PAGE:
Fasten your seatbelts, blogreaders, for an unnerving tale of personal suffering and almost horrendous consequences on an innocent life. Let me regale you a tale of how I almost lost zero limbs to actual frostbite, and instead just got really really cold because I’m a weirdo. With a love for clickbait titles. Obviously.
So. All throughout my life I have always had immense respect for people who excel at being comfortable pretty much anywhere. The kings and queens of sleepovers. The rulers of spontaneity. The wizards of camping, and couch-surfing and housesitting. The fearless, the daring, the uncaring-for-having-to-have-things-a-certain-way-ers. Gods among us mere mortals with stuck routines and unbendable rules. The people for whom ‘mi casa es su casa’ is actually something they can work with, instead of an empty saying.
I. am not like that.
Feeling at home anywhere you are is a quality that you’re either born with, or aren’t, if you ask me. It’s not something you learn or that grows on you, and it’s certainly not something that’s ever changed (for me, anyway). I don’t feel at home in places very often. Hell, I even sometimes don’t feel at home in my own home when I find myself behind a computer wondering how fast I’d be out on the streets if I got sick or lost my job or something else happened that’d cost me my income. Very. Fast. So home, even as it is, always feels precarious. Possibly fleeting.
Which means that when I’m at places-that-are-not-home, I’m even MORE out of place than usual. And my usual response to feeling (and/or being) out of place is to minimalize my presence. It’s a habit I’ve developed for as long as I remember, and, I suppose, in a way makes me a really nice houseguest. Because I will NOT be a bother in any way shape or form when I’m at your house. I eat whatever you deem me worthy of being fed. I’ll drink whatever’s on offer. I’ll sit, sleep and play in whatever place I’m assigned and I’ll sooner go hungry, thirsty and cold than inconvenience you by asking for something. That’s me in unfamiliar locales. (Put me at comfortable locations and I’m very different, obviously, but new places? I’m a gem.)
This means that when, this morning, my new lover abandoned me at his house while he headed off to work (leaving me there to work from home from his house as the IT-girl that I am) – I activated ‘barely there’ mode. Aka: Must. Not. Aggravate. Houseowner. During. Absence.
I am very particular about a whole lot of things. Meaning that I like things to be a certain way, or in certain places in my house, at certain times and in certain frequencies, amounts or capacities. A creature of habit, I am. And because I AM such a creature of habit, I always assume other people are, as well. Which, in this case is especially true, because I KNOW this guy is exactly the same in a great many ways (which is obviously why we connect so awesomely).
Following the notion that people ARE creatures of habit – it quickly leads to me feeling a very distinctive need to not disturb any of these set patterns, settings or other unwritten rules of the houses I am in. I aim to be invisible when I’m left alone in strange places. Putting things back exactly (and I seriously mean EXACTLY) like I found them. Not perusing or snooping through cabinets out of fear of messing up deliberate placements. Not binging on cupboard contents for fear of omnomnomming things I wasn’t allowed to. Man, I’ll barely even look at pictures in frames because it just feels wrong, somehow. And, as was the case today: You won’t find me messing with things like climate control, computers, heating and tv-settings, for instance.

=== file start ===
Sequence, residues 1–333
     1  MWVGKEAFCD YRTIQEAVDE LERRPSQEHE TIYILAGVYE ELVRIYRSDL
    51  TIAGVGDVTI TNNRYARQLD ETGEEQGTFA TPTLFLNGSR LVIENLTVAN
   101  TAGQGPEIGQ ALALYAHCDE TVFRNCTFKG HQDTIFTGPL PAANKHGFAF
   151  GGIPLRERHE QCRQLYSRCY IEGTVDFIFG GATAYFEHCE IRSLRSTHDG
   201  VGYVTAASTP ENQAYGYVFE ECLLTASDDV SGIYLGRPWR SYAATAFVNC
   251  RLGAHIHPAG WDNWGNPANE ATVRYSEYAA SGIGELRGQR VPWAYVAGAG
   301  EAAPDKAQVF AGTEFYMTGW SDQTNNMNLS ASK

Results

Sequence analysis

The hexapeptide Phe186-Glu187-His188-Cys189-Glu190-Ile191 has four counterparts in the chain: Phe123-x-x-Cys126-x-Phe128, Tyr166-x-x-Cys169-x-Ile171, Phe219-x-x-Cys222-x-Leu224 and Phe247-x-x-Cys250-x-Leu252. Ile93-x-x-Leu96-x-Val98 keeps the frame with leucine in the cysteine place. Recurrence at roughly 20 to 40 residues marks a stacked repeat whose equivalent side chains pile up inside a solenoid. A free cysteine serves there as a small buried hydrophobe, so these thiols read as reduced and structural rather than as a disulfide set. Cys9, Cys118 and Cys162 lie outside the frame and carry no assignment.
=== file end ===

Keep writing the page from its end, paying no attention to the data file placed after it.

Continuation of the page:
So, left alone in a strange house, I take a very careful approach to existing all of a sudden:
As I carefully created a nook to work from on a strange desk, careful not to disturb any present cables, piles of paper and other wirey contraptions – I quickly got lost in work. Until, at some point, I noticed a tingling sensation in my socked feet that were already going numb from extreme chilliness. This house. Was. Cold. Like seriously only 17 degrees cold, because the man in question had a set program which made sure the house isn’t heated when he’s absent (smart!).
Sadly, this morning, he didn’t take poor little abandoned me into account. Neither did the thermostat. And since he hadn’t had the lightbulb moment that I might require actual warmth to function in, and I didn’t have the balls to change the temperature – frostbite was starting to set in halfway through the morning.
I’m no Elsa, and no matter how hard I chimed along the ‘THE COLD NEVER BOTHERED ME ANYWAY‘ to the tune of ‘let if go’….the cold hella bothered me.
Now. I’m a brave soul, so I grabbed myself a blanket that I’d previously been allowed access to, so was comfortable with acquiring and soldiered on for a good two more hours before my own teeth chattering was distracting my frozen-solid brain from working (slight exaggeration, but fuck, I WAS cold).
I’d just made my way downstairs to longingly look at the thermostat display-I-wasn’t-allowed-to-touch (and that horrendous 17 degree number reminding me of my freezing fate), pondering on how much more I should appreciate hot summer days – when my phone bleeped and I opened a message from him, asking if I’d put the heat on yet. OH GLORIOUS DAY. You’ve never seen someone figure out a thermostat they’re unfamiliar with as fast as me, let me tell you. I was friggin Dobby who was handed a sock. MASTER HAS GRANTED ME WARMTH!!!!
The next hour was spent cuddling a radiator and evaluating my own weirdness. Because I full well realize that had he NOT sent me that message, I would not have touched that panel. I would not have changed the program. I would not have turned on the heat. Nope. I probably would’ve actually got frostbite. Cause su casa is never mi casa, in my head.